Social Media is the perfect platform for creating customer service excellence, but it can also be a disaster if it’s done improperly. This guide has been made to help your business know the what, when, how, where & why when it comes to Social Media Customer Service.
Create a plan
This should always be created before your brand even steps foot on Social Media. You have no idea how people are going to respond to your new presence, and as such you need to be prepared for the worst. Things to consider:
- What possible queries or concerns do customers have with your brand? You should have template statements ready to address these where possible.
- Who is going to engage with the customers on Social Media? Be clear and use specific names where possible. Internal communications should prohibit anyone else from interacting with customers on Social Media (from personal OR brand page accounts).
- Make it step by step and easy to follow, so if one person is away, responses can be designated to another team member without fear of affecting the brand values.
Pick the right Tone
Your tone should match your customers where possible. Serious complaints where health and safety of consumers was at risk should ALWAYS be dealt with in a serious manner. In other situations gauging tone can be tricky. Tesco Mobile do this excellently on Twitter (see below), but if you are not sure how to respond play it safe and take it seriously.
@nero *Swipes left*
— Tesco Mobile (@tescomobile) December 11, 2014
Don’t be sucked in by Trolling
There are some people who will go out of their way to try and damage your brand image, and you need to understand when it’s best to respond, and when it’s best to ignore a message. This flowchart is an excellent point of reference Here’s an example of the difference between a genuine customer complaint and a ‘Troll’:
Genuine Customer Complaint:
Hi Company, I bought your product and it was totally unsatisfactory, missing all of the parts. What’s going on?!
Your products are awful and anyone who buys them is awful.
You may wish to find out why the Troll feels the way they do about your products, but be careful with responses, and if the conversation cannot progress offer them your company email address, allowing possibility for conversation to progress away from the eyes of your other fans.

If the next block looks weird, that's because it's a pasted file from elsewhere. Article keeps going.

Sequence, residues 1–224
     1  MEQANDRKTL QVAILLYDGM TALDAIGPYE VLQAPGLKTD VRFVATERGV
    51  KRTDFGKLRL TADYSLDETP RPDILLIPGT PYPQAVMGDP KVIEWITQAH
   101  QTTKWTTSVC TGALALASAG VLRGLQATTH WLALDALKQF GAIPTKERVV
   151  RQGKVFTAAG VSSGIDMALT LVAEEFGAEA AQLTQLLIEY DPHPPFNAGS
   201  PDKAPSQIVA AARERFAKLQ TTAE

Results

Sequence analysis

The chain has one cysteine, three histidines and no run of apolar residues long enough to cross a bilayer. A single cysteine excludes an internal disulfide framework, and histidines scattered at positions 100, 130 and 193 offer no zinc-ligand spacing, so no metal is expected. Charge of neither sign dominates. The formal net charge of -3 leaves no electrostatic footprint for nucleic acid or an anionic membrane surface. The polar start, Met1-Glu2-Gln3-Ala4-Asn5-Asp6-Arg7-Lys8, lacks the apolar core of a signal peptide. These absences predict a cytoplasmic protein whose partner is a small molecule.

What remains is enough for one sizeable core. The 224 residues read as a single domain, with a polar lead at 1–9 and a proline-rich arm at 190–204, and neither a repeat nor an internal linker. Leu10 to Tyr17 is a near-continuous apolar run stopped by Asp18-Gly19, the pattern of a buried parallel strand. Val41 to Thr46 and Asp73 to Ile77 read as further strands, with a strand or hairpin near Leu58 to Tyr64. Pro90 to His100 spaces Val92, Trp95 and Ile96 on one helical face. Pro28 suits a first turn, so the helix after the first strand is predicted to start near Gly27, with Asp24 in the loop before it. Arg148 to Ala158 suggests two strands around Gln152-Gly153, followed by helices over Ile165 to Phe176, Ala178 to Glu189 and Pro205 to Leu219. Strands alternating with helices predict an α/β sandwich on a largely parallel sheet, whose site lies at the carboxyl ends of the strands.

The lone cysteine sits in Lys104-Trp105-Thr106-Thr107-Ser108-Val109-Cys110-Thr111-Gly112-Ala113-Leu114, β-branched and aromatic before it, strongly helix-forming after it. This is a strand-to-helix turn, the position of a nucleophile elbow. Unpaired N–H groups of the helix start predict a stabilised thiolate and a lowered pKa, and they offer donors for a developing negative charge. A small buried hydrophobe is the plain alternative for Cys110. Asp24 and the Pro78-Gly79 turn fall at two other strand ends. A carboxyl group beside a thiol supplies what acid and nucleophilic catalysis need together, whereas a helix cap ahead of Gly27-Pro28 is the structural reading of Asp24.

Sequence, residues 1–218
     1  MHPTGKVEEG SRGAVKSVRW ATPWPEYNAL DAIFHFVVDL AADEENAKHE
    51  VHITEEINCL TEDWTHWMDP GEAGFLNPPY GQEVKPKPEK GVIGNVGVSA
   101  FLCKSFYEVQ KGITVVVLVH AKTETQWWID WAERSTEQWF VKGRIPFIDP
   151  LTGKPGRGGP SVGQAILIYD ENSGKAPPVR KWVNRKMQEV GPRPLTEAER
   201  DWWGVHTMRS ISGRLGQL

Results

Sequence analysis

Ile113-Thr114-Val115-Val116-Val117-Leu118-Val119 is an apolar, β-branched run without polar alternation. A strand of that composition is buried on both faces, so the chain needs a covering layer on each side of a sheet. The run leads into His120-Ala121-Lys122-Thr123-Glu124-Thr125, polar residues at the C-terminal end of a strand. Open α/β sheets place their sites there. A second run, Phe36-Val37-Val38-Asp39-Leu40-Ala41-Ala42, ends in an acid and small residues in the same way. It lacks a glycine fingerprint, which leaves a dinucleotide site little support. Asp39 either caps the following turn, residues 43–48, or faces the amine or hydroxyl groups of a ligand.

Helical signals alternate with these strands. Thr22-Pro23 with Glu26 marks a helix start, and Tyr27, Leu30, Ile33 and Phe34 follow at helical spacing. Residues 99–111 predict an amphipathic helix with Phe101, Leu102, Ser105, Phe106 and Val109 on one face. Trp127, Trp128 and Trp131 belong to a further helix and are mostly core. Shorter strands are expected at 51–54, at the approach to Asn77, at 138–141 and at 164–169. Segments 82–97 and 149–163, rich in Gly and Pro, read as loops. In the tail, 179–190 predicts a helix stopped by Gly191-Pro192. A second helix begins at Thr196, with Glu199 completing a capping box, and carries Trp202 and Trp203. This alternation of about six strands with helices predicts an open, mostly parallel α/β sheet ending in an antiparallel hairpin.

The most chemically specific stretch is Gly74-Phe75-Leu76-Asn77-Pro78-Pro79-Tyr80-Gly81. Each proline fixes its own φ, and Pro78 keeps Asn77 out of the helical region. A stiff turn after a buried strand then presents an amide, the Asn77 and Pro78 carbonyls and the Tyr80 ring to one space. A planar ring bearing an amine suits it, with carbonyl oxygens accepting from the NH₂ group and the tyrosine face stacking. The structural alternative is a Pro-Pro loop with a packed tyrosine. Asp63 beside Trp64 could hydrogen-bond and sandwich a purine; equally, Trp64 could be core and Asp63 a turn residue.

Respond Accurately, Respond Fast
When you are aware of a customer service issue (and it has been identified as genuine via the method above) you need to respond fast and accurately. Acknowledge the complaint and be quick to ascertain the facts surrounding the situation. NEVER LIE. Don’t be afraid to ask for more details surrounding the incident (from both your team and the customer), and if possible move the conversation to e-mail.
The customer may not be complaining to you
It’s important to remember that the complaint may not appear directly on your Social Media profile. It could appear in comments on a story posted on a news page or in a conversation that your brand is not tagged in. Go out and look for these comments, and encourage people to point them out. You can use Google Alerts to notify you when your business is mentioned online, but don’t rely on this alone. Your brand can win a lot of points by reaching out to respond. If there are a lot of people complaining it may be easier to issue a blanket statement, in which you should offer each person to contact you via e-mail with any concerns so they can be addressed quickly and efficiently.
This has always been one of the key pillars when delivering customer service excellence. Set a standard and stick to it. People are quick to point out shortcomings in the service you offer, so eliminate this by implementing your plan and sticking to it.